BPDU is an IEEE 802.1d MAC Bridge Management protocol which is the standard implementation of STP. The BPDU uses the STP algorithm to insure that physical loops in the network topology do not result in logical looping of network traffic. Using one bridge configured as root for reference, the BPDU switches one of two bridges forming a network loop into standby mode, so that only one side of a potential loop passes traffic. By examining frequent 802.1d configuration updates, a bridge in the standby mode can switch automatically into the forward mode if the other bridge forming the loop fails. The structure of a known Configuration BPDU is shown in the below table.

Protocol identifier
Protocol version identifier
BPDU type
Flags
Root identifier
Root path cost
Bridge identifier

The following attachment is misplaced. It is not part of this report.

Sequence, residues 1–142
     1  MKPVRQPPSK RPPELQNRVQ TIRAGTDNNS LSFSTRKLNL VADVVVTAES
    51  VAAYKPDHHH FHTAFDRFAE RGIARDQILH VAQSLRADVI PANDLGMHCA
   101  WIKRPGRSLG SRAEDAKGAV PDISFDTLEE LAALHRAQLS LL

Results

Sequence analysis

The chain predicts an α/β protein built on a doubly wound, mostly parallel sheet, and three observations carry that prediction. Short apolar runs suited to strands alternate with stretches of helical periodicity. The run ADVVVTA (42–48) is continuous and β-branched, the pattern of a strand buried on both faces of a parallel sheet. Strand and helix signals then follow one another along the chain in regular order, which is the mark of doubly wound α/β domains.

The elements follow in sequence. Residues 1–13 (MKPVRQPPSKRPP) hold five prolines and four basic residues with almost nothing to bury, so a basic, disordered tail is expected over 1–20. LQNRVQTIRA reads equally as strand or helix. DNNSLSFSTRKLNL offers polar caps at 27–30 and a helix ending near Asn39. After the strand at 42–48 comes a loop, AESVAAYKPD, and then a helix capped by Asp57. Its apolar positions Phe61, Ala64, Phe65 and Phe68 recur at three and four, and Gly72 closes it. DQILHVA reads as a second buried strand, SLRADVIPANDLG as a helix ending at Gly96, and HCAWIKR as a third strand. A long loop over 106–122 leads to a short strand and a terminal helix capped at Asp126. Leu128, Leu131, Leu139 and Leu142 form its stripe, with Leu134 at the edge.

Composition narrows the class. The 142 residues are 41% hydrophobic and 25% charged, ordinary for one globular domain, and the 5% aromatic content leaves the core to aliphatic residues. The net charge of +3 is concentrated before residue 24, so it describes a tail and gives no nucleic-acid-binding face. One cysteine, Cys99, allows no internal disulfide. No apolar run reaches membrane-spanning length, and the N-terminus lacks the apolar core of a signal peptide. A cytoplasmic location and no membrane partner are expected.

Port identifier
Message age
Max age
Hello time
Forward delay

The following should be appreciated by those of ordinary skill in the art.

    • Protocol identifier: Identifies the spanning tree algorithm and protocol.
    • Protocol version identifier: Identifies the protocol version.
    • BPDU type: Identifies the BPDU type: 0000000=Configuration, 10000000=Topology change notification. For the later type, no further fields are present.
    • Flags: Bit 8 is the Topology Change Acknowledgement flag and Bit 1 is the Topology Change flag.
    • Root path cost: Unsigned binary number which is a multiple of arbitrary cost units.
    • Bridge identifier: Unsigned binary number used for priority designation (lesser number denotes the bridge of the higher priority).
    • Port identifier: Unsigned binary number used as port priority (lesser number denotes higher priority).